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Adirondack Blue Potato and Beet Salad

If you’re just joining us, the first thing you should know is that this is not the blog of a vegetarian. What this is, is the personal journal of someone who loves good food in all its forms. That being said, I have been eating less meat for the past five years. It’s gotten to the point where people in my family are asking me if I’m giving up meat altogether. I don’t think that will ever happen as I do like my fried chicken and foie gras.

Potatoes are one of my all-time favorite vegetables. They’re so tasty and versatile. I’ve never met a carbohydrate I didn’t like; it’s a miracle my waistline isn’t over 33″. That being said, I don’t treat them as a “starch” as is typical of most Americans. I think that’s what’s missing at our daily table — that vegetables should be accorded the respect they deserve. Don’t you agree?

Here’s an unusual variation on “potato salad” that is 180 degrees from the mayonnaise-laden, gloppy (and to my palate, overly sweet) version that’s commonly available in just about any delicatessen, diner or supermarket found in the U.S.

Adirondack blue potato and beet salad, with shiitake mushrooms and scallion-ginger relish

Adirondack Blue Potato and Beet Salad, with Shiitake Mushrooms and Scallion-Ginger Relish

If you can’t obtain blue potatoes, Yukon Gold potatoes are a fine substitute.

1 medium-sized red beet, scrubbed
1 medium-sized Adirondack blue potato, scrubbed
1/4 cup shiitake mushrooms, sliced
4 tablespoons olive oil
sea salt, to taste
freshly ground black pepper, to taste
scallion-ginger relish (see recipe below)

Bring a pot of water to a boil, then add the beet and potato. Boil for 10 to 15 minutes, or until you’re able to pierce the skin with a fork. There should still be some resistance. If you’re able to pierce the skin without ANY resistance, you’ve cooked it for too long.

Let the vegetables cool, then peel and chop them coarsely. You may want to prep them separately to prevent the beets from accidentally “coloring” the potatoes. Place the beets in a small bowl, then drizzle with 1 tablespoon olive oil and season with sea salt and black pepper. Stir once or twice, then spoon them onto a Pyrex roasting pan and roast at 350 F for 30 minutes. Do the same for the potatoes. (You can cook them in the same roasting pan as long as the beets and potatoes don’t come into contact with each other.)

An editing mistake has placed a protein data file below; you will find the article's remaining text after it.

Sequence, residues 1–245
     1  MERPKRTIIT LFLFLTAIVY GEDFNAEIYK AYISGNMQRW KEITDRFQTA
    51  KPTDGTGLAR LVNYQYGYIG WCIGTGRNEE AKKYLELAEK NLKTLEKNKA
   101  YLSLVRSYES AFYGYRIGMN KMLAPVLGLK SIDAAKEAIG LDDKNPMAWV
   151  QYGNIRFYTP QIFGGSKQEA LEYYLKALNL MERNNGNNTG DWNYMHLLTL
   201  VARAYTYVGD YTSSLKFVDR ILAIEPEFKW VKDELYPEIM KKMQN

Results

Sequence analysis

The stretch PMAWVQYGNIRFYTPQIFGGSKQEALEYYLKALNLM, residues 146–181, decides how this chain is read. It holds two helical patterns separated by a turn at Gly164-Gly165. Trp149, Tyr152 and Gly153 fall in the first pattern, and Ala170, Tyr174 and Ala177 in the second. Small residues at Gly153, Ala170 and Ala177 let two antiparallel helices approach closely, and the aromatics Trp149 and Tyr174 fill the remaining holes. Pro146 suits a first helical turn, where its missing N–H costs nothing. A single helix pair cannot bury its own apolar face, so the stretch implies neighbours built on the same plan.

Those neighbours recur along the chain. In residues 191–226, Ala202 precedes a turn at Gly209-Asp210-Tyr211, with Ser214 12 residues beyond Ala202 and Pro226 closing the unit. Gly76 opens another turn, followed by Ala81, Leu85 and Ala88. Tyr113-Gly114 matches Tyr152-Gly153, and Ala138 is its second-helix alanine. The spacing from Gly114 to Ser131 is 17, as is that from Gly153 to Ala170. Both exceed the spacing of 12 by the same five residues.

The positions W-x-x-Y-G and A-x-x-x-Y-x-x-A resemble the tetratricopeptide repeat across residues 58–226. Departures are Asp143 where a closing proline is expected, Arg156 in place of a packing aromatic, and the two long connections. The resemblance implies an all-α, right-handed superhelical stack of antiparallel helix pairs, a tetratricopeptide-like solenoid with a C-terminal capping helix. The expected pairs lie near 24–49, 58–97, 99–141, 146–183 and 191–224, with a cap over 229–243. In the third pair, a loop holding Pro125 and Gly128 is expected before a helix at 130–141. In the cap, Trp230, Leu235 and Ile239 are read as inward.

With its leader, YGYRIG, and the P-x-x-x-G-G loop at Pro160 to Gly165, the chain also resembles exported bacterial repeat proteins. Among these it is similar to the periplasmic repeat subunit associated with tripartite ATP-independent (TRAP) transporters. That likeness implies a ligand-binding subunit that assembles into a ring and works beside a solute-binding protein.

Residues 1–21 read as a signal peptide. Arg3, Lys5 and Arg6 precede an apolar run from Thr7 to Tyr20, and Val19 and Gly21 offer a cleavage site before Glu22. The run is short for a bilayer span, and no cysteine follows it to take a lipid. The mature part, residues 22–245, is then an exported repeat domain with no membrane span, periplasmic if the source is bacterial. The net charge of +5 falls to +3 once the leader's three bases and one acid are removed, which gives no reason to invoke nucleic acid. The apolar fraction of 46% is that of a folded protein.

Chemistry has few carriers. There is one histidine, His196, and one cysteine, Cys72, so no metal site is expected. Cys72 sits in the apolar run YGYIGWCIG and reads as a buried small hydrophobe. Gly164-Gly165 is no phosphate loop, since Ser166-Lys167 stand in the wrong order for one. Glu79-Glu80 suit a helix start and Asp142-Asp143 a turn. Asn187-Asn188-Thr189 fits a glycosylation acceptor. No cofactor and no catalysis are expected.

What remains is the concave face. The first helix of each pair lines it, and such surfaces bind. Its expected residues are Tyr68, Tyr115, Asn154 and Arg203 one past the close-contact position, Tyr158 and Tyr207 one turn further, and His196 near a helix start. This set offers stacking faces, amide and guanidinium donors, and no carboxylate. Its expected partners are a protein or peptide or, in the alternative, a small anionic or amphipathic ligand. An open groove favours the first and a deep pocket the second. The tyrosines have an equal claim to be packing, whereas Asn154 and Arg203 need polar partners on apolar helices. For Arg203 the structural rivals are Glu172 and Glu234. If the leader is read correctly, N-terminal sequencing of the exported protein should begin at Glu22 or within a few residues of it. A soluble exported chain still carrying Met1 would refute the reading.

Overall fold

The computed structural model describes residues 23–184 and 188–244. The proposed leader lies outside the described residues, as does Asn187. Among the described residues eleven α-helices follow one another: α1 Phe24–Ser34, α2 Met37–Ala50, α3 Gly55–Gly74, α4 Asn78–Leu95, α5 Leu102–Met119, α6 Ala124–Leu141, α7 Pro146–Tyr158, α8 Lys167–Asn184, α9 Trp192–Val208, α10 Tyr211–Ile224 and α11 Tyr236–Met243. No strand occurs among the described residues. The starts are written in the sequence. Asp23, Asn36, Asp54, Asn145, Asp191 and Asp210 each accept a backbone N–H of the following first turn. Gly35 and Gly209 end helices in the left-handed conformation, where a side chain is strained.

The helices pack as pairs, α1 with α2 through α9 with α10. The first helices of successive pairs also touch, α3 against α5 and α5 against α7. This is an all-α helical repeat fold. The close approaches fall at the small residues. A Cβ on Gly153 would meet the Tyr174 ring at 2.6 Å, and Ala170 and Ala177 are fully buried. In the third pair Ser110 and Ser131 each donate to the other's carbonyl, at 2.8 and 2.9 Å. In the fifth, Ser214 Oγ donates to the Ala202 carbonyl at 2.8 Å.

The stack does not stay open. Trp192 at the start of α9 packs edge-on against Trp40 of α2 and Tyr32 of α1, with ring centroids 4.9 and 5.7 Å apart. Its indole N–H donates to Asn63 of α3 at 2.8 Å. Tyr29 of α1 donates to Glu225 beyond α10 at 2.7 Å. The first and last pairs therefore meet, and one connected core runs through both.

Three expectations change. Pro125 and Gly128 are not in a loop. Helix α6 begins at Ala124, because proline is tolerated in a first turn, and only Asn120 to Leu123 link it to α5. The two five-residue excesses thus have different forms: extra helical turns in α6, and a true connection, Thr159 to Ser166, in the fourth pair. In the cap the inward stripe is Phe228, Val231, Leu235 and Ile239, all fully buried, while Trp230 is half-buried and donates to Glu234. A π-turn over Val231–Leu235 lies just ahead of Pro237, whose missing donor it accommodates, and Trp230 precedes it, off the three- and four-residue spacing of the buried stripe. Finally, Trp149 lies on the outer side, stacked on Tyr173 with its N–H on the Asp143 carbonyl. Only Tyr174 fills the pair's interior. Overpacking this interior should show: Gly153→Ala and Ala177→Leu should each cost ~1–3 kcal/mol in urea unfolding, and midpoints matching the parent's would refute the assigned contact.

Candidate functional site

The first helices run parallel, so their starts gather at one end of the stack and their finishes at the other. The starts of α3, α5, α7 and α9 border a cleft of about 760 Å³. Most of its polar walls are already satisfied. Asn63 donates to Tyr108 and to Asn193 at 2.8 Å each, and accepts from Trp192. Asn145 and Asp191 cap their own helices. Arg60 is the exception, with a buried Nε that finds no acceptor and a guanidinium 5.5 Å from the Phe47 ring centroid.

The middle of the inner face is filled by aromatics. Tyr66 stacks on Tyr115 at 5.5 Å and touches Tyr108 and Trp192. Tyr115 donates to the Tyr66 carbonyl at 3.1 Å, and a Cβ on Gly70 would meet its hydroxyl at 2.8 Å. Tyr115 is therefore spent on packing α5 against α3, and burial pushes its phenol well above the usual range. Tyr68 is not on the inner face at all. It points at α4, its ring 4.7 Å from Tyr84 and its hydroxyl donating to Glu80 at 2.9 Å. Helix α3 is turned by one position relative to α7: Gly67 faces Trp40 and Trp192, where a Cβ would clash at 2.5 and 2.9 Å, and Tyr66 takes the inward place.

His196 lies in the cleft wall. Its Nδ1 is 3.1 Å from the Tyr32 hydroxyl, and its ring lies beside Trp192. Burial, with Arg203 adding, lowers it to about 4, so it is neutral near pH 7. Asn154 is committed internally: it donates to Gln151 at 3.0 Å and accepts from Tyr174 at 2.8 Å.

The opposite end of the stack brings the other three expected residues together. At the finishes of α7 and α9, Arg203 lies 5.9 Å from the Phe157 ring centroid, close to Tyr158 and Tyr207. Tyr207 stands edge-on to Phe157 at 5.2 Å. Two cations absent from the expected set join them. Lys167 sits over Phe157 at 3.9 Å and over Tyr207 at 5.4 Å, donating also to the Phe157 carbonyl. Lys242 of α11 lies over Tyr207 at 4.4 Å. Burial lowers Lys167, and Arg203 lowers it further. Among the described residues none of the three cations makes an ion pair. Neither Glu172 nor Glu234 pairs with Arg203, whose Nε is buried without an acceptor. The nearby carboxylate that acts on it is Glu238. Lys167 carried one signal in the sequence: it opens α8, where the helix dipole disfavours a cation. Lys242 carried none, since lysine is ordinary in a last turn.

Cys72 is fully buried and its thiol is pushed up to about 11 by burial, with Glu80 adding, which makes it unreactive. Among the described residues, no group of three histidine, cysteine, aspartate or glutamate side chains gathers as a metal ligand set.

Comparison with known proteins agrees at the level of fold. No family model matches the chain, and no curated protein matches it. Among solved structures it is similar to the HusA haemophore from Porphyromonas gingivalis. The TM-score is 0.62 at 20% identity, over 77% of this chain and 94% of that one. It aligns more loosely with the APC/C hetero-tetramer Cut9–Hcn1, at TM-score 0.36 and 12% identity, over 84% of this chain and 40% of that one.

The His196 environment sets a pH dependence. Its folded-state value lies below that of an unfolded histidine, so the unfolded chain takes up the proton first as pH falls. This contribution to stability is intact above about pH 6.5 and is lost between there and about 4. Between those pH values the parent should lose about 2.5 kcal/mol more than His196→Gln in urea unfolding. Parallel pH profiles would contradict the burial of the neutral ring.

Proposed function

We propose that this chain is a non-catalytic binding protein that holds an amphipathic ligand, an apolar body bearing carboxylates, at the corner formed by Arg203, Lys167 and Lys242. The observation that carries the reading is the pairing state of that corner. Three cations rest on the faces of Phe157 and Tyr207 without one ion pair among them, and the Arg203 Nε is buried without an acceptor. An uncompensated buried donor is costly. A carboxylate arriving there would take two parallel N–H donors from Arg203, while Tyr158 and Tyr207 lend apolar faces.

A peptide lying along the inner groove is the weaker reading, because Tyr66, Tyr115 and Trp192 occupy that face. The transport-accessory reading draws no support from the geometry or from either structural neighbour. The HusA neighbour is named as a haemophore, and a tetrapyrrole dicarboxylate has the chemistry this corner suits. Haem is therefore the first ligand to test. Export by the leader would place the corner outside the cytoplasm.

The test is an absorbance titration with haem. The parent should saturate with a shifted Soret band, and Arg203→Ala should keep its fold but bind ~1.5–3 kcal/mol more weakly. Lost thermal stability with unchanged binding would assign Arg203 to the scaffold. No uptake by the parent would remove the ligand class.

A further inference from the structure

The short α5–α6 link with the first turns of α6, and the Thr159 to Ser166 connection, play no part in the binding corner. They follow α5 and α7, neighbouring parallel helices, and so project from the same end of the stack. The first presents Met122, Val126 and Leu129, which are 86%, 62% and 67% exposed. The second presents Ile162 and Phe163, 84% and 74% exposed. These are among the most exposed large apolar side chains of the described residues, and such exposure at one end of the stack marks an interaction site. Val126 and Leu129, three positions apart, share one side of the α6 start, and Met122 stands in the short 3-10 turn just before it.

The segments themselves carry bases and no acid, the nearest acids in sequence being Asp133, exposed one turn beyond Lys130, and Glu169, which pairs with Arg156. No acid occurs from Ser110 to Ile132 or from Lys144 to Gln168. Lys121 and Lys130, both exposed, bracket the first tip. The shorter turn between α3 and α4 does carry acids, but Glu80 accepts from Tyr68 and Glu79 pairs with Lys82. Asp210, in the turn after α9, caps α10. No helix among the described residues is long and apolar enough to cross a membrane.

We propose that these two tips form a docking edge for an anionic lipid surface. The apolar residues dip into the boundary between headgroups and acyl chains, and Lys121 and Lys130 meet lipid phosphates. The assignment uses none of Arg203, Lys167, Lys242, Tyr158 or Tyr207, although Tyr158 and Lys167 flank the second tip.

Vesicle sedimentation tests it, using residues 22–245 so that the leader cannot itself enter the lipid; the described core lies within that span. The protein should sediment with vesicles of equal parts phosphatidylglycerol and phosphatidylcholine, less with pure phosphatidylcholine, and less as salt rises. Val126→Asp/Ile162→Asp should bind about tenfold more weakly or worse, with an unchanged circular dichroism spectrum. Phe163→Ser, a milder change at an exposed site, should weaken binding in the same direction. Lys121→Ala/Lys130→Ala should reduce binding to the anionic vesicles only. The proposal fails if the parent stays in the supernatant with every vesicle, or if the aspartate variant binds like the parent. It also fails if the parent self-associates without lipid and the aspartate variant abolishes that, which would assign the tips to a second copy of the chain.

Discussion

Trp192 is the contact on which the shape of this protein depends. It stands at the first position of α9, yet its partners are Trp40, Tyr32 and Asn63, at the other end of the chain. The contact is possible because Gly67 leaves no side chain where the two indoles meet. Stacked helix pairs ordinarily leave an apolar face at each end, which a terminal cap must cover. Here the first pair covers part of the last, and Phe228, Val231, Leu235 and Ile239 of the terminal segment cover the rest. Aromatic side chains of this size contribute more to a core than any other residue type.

Warm the remaining 2 tablespoons olive oil in a skillet over medium heat. When the oil begins to shimmer, add the mushrooms to the pan. Sauté the mushrooms until they begin to brown and are tender, about 5 to 6 minutes. Taste for salt and pepper, then remove from heat.

To plate, spoon the beets onto shallow serving plates. Spoon the potatoes over the beets. Spoon the mushrooms over the vegetables. Sprinkle each salad with 1 teaspoon scallion-ginger relish, then serve immediately.

Scallion-Ginger Relish

2 scallions, sliced (both green and white parts)
1 1″ piece of ginger root, julienned
2 tablespoons vegetable or peanut oil
1 teaspoon orange zest, julienned
1/4 teaspoon sesame oil
1/4 teaspoon rice wine vinegar
a pinch of cayenne pepper

Warm vegetable or peanut oil in a skillet. When the oil shimmers, add the scallions and ginger to the pan. Fry until the ginger becomes aromatic and the scallion greens turn a bright green, about 1-2 minutes. With a slotted spoon, transfer scallions and ginger to a paper-towel lined plate. Let cool.

Once the scallions and ginger are cool, transfer to a small bowl. Stir in orange zest, season with sesame oil, rice wine vinegar and cayenne pepper. Use as needed.

Makes 2 servings
Time: About 1 hour, including prep.

7 replies »

    • I was worried a little bit that folks might not “get” the restaurant-y-ness though, of cooking the vegs separately.

      The technique of boiling potatoes/beets whole instead of peeling them, slicing them and boiling is different from the norm, as well. (You’re partially pre-cooking the vegetables; if you prep them in the manner described, they’ll contain less water than if you’d prepped them the normal way. That might not be immediately apparent to a casual reader, however.)

      I find that I have to hold back sometimes when writing recipes, because not everyone cooks like that. Thanks, Jueseppi.


      • Yes, it seems that in today microwave society, cooking has become something passe….and thats a very bad thing. Simple meals are ok but a meal you actually have to work to prepare is so much more gratifying.


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